Detecting and diagnosing cancer earlier provides an effective opportunity for increasing patient survival. For example, current one-year survival for lung cancer reaches 88% when diagnosed at stage 1 compared with 19% at stage 4 (CRUK). However, only 16% of lung cancers are diagnosed at the earliest stage. As part of the Long Term Plan, NHS England has set a goal that 75% of cancers will be detected at stage 1 or 2 by 2028 but several challenges need to be overcome if this is to be achieved.
To identify the key barriers to progress and recommend actions for improvement, Cancer Research UK brought together over 100 representatives from across academia, industry, government, research funders, healthcare professionals, patient representatives, and investment and regulation experts. The consulted experts included Oxford’s Professor David Hunter (Nuffield Department of Population Health), who sat on the steering committee and Professor Fergus Gleeson (Oxford University Hospitals and Department of Oncology), who participated in the two-day workshop. Their shared vision was published in the Early Detection and Diagnosis (ED&D) Roadmap on the 6th October 2020 with a commentary in The Lancet Oncology.
A shared vision for early detection and diagnosis
A future where the early detection and diagnosis of cancer (ED&D) is prioritised, incentivised and routinely embedded in UK research, development and health systems, as part of a paradigm shift towards proactive health management of individuals. ED&D will have a thriving multi-disciplinary and cross-sector research ecosystem that yields comprehensive insight into minimally invasive, cost-effective and publicly acceptable solutions, with a state-of-the-art system for evaluation, regulation and uptake, to ensure ED&D is a routine reality. Patients and the public will be actively engaged in ED&D, championing its transformative potential to improve health outcomes. - Vision of the Early Detection and Diagnosis of Cancer Roadmap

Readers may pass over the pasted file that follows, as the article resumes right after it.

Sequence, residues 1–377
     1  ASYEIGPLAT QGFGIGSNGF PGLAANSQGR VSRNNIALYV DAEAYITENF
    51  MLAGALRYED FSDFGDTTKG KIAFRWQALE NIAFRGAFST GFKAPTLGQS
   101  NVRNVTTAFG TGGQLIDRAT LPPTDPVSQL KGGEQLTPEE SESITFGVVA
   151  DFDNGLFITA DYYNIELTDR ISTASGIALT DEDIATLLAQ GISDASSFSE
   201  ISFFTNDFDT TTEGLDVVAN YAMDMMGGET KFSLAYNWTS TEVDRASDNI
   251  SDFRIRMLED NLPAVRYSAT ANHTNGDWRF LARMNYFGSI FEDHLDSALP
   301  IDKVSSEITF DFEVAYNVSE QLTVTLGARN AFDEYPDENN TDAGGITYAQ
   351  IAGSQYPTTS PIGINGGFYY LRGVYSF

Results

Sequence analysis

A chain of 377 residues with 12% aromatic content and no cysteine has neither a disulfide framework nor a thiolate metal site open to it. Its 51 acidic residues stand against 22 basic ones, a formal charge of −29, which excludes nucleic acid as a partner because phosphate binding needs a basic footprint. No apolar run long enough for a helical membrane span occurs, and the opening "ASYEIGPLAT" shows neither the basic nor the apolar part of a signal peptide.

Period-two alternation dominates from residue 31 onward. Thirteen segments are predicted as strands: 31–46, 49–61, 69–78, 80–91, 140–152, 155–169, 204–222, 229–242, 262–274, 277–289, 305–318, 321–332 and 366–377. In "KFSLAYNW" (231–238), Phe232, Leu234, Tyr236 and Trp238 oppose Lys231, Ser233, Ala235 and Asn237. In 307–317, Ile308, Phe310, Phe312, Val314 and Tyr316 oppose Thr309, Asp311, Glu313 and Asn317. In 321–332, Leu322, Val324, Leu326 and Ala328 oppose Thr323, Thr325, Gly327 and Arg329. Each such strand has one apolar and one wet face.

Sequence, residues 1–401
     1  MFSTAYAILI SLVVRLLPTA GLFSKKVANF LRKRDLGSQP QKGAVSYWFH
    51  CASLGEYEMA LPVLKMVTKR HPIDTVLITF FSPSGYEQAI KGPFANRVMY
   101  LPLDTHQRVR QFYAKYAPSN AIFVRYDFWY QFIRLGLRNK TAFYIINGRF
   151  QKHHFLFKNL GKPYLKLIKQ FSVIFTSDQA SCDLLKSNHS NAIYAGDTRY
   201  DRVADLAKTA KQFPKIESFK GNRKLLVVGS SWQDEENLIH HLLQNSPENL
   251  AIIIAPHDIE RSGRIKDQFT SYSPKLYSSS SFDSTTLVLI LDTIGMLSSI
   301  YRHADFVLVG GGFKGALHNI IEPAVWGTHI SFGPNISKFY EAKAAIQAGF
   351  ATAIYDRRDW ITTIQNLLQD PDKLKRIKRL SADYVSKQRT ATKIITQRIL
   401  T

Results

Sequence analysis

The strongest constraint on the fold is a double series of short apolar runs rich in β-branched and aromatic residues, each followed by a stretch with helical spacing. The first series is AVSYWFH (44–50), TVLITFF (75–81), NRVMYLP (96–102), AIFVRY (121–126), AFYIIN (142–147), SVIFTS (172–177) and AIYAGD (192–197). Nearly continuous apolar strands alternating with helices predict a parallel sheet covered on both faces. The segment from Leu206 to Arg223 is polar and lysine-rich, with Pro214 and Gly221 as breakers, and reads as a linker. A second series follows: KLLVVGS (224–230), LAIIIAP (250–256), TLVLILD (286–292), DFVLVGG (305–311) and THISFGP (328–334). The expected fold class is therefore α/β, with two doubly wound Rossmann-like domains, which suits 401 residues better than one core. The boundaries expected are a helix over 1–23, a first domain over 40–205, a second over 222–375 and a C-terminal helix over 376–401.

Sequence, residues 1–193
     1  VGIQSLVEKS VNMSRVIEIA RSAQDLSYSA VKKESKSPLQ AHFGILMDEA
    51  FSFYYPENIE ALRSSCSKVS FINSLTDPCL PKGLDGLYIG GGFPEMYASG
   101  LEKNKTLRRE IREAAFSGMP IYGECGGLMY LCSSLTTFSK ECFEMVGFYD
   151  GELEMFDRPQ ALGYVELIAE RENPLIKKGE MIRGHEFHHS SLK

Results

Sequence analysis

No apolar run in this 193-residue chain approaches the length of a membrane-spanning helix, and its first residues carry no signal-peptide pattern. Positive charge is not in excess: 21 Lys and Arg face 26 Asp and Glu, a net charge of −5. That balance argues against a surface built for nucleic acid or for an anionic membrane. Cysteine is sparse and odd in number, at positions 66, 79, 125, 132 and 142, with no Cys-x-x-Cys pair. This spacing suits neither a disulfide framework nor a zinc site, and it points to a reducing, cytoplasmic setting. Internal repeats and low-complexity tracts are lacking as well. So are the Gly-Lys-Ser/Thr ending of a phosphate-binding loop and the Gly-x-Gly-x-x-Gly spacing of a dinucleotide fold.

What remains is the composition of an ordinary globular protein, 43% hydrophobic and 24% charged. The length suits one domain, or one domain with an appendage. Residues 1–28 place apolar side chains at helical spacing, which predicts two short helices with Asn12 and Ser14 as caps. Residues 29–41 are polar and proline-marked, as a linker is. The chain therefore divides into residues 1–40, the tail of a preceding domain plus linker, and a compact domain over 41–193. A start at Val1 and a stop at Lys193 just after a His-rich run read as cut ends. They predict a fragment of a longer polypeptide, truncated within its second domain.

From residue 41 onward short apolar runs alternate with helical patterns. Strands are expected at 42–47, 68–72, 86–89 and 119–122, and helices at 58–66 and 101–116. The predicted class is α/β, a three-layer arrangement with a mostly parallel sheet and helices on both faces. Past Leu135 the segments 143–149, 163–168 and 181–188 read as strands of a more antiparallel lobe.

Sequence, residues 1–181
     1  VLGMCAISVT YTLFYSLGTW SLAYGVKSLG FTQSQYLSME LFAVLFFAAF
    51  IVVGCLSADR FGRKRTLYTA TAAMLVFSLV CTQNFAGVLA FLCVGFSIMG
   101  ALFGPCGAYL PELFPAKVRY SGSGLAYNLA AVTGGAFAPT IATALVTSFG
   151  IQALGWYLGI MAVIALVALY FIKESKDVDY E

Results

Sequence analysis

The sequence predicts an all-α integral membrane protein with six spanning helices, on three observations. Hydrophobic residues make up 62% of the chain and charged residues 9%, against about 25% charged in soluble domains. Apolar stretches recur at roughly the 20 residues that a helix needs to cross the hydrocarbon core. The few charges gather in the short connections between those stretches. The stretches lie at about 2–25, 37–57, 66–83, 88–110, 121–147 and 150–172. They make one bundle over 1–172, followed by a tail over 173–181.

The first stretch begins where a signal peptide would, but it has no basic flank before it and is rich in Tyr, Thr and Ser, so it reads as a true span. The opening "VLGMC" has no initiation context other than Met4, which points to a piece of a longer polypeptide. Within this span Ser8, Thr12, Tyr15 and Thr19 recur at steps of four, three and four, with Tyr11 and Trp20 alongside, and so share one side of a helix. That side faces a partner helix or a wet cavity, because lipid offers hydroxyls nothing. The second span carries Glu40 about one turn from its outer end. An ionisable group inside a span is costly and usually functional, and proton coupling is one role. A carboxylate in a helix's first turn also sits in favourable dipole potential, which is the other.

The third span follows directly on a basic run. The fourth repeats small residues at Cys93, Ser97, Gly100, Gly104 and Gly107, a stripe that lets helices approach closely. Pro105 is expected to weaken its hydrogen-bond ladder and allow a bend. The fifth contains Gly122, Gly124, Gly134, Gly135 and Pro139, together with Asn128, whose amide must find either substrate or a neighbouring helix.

In order to work towards this shared vision, the Roadmap recommends a series of 14 actions classified under 4 themes:
- Theme 1: Understanding risk and prognosis: biology to technology
- Theme 2: Biomedical data science and systems
- Theme 3: Incentivising and supporting development and commercialisation
- Theme 4: Health system innovation and accelerating adoption
Researchers in Oxford are already working with others in the ED&D community on many of these actions. The ED&D Roadmap now provides the framework to prioritise efforts and accelerate progress.